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Evolutionary Behavior: Female Mate Preferences

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Why are women more selective with their mate choices?

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Solution Summary

This job discusses gender differences within evolutionary accounts of human behaviour.

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How do accounts from Evolutionary Psychology explain mate selection in women?

? What are evolutional accounts of human behaviour
? Why do women have to be selective
? What do women seek?
- Economic resources
- Good financial prospects
- High school status / ambition
- Older men
- Athletic / good health
- Willingness to invest
? Summary

What are evolutionary accounts of human behaviour?

The main assumption of evolutionary psychology is that traits and adaptions from our ancestors in hunter-gatherer societies have been passed on. Within the context of romantic relationships Buss (1989) suggests that;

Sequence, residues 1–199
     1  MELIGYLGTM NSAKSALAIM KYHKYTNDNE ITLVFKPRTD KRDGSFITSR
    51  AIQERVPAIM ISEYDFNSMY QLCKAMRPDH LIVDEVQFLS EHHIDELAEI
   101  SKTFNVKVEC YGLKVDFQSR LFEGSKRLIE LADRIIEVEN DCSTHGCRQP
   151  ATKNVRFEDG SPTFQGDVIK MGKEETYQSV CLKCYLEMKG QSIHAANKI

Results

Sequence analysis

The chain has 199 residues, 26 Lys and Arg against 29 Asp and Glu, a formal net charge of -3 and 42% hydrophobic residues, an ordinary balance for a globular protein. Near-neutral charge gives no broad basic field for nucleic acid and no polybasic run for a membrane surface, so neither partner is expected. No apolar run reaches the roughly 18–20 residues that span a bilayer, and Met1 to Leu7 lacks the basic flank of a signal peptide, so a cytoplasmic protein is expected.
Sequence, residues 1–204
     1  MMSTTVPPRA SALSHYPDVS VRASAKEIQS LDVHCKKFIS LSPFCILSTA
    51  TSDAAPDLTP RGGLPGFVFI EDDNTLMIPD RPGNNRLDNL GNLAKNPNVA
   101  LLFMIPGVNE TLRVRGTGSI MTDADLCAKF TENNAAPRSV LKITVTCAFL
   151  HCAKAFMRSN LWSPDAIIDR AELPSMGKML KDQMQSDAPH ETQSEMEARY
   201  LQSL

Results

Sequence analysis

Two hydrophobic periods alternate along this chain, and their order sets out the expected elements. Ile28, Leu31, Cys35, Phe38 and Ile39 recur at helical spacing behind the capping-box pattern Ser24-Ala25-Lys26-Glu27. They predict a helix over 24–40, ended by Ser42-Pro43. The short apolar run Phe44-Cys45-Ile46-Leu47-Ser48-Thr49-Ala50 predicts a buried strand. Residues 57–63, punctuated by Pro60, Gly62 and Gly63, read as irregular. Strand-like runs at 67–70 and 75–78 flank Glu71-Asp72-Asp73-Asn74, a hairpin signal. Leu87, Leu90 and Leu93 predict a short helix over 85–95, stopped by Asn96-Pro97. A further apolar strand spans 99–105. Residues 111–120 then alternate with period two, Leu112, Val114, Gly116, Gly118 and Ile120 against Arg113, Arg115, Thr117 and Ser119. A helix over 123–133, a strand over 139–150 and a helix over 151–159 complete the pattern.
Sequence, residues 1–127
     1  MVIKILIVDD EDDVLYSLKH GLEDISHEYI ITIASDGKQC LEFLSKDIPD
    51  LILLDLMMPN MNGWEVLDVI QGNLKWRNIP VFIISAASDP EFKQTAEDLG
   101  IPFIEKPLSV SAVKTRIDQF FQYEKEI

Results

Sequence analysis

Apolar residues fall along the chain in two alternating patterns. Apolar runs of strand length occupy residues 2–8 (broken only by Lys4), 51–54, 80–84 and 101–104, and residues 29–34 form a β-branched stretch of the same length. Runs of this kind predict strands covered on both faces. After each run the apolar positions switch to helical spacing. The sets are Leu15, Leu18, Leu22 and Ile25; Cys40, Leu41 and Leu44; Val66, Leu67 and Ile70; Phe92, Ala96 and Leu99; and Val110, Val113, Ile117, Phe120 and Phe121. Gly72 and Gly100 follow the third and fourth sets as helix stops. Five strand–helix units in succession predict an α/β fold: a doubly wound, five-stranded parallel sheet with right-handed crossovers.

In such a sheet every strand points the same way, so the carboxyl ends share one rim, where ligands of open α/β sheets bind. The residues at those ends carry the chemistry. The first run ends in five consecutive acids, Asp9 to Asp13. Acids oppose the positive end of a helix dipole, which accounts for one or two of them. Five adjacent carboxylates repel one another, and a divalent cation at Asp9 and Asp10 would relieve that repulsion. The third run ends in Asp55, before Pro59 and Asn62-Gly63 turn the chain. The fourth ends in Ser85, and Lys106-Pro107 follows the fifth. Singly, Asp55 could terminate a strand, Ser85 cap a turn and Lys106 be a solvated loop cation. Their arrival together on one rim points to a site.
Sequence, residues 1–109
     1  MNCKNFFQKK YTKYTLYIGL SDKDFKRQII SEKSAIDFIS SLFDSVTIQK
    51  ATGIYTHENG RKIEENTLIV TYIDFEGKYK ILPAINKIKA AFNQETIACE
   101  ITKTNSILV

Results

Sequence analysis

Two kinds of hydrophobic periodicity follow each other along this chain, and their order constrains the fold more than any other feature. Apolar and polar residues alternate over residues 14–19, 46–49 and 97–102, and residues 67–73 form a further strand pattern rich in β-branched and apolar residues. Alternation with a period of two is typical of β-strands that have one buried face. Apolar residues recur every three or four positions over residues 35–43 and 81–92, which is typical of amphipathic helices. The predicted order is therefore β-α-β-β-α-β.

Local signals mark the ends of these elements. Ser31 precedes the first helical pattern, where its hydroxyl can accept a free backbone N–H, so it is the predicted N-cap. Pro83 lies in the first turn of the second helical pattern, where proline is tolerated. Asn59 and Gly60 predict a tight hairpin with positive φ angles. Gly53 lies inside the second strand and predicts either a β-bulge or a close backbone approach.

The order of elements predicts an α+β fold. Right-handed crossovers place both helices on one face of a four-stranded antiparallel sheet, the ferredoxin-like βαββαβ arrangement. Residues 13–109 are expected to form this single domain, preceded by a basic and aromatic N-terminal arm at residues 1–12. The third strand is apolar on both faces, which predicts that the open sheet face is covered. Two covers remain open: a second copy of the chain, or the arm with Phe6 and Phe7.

'Modern humans have inherited a specific set of mate preferences.'

Sex is the engine of evolution, allowing the passing on of genes from generation to generation, thus evolutionary psychologists have focused on aspects of sexual behaviour and sexual selection. Sexual selection and behaviour vary enormously between individuals and societies, yet scientists that study the effects of evolution on human behaviour have found that beneath the variation there exists a firm set of biological constraints.

Why do women have to be selective?

Men produce millions of sperm and keep producing sperm into old age. Women on the other hand produce a fixed and unreplenishable amount of ova. Women once pregnant also carry the offspring for nine months and after the child is born partake in the activity of lactation (this can last for up to 4 years in some cultures).

Women in our evolutionary past risked becoming pregnant from sexual intercourse, and even though modern birth control technology has altered this risk, human sexual psychology evolved over millions of years to cope with such problems. This means that human's still poses this underlying sexual psychology, even though the current environment that changed.

Trivers (1972) in his 'theory of parental investment' suggests that the sex that invests more in the offspring (in humans this is the female) will be more discriminating or ...

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